When the HDB introduced locally-designed playgrounds in the 1970s, its goal was to build camaraderie and a sense of identity around common local themes. The Dragon Playground, conceptualised by former HDB designer Khor Ean Ghee, was functional and included slides, swings and colourful steel rings for the children to play with. The charming landmark has since stood the test of time and is now recognised as an outstanding monument of local design and architecture.
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Dragon Playground in Toa Payoh Photo Credits: Flickr
Dragon Playground in Toa Payoh. Photo Credits:
Flickr
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3. The Queen’s Visit to

Block 53 Toa Payoh

Location: 53 Lorong 5 Toa Payoh, Singapore 310053
An aerial view of Block 53 Photo credits: Thesmartlocal.com
An aerial view of Block 53 Photo credits: Thesmartlocal.com
Did you know among all the estates in Singapore, Toa Payoh has played host to the rich and the famous – and even royalty? The UK’s Queen Elizabeth of the United Kingdom graced the block with her presence in 1972!
As Toa Payoh became known as an example of Singapore’s effective public housing programme, foreign and local dignitaries were invited to visit the estate, in particular, the unique Block 53. It was also called the “Y-Shaped Block” as the architecture forms a Y when viewed from the top (see picture above/below). Perched on the roof of Block 53 is a viewing gallery, where several foreign and local guests have enjoyed sweeping views of the estate.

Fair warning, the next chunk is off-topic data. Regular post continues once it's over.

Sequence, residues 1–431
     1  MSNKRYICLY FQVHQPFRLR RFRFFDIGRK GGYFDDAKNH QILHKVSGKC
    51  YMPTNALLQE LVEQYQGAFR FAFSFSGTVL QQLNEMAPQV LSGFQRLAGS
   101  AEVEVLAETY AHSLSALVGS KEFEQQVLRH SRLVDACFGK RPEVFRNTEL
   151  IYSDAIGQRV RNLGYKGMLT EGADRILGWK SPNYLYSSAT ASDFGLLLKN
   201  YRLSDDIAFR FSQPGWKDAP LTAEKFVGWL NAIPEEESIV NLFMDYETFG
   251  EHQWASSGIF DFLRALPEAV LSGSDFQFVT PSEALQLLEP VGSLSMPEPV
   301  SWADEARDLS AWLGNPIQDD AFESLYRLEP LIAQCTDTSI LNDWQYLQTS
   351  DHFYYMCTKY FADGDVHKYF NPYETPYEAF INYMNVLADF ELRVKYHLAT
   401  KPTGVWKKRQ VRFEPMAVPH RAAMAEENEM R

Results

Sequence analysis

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Queen Elizabeth’s visit to the viewing gallery in 1972 Photo credits:Thesmartlocal.com
Queen Elizabeth’s visit to the viewing gallery in 1972 Photo credits:Thesmartlocal.com

4. Chung Hwa Medical Institutio

n in Toa Payoh Lorong 4

Location: 640 Lorong 4 Toa Payoh, Singapore 319522
Chung Hwa Medical Institution in Toa Payoh Photo credits: Flickr
Chung Hwa Medical Institution in Toa Payoh Photo credits: Flickr
The final highlight of the Toa Payoh Heritage Trail is the Chung Hwa Medical Institution, first established in 1978. Currently the headquarters of the Singapore Chinese Physicians’ Association (SCPA), it houses a clinic providing affordable Traditional Chinese Medicine (TCM) treatments to patients from all walks of life. There are also research institutes and a college offering courses on TCM drugs and acupuncture.
Funds to construct the building were raised through a massive community effort, with over 5,000 taxi drivers and 500 trishaw riders donating their savings. Together, over $5 million were raised through charity sales, musicals, performances and dinners for the clinic, which drew about 400 patients on its first day of opening.
Today, some ninety TCM physicians staff the clinic on a voluntary basis. The clinic provides free medicine and herbs for those unable to afford medical treatment, with some paying only a token 50-cent registration fee. A laudable act!
The Toa Payoh Heritage Trail reveals the many tales behind the mature residential neighbourhood of Toa Payoh. I hope you have enjoyed the journey and that it has given you much food for thought!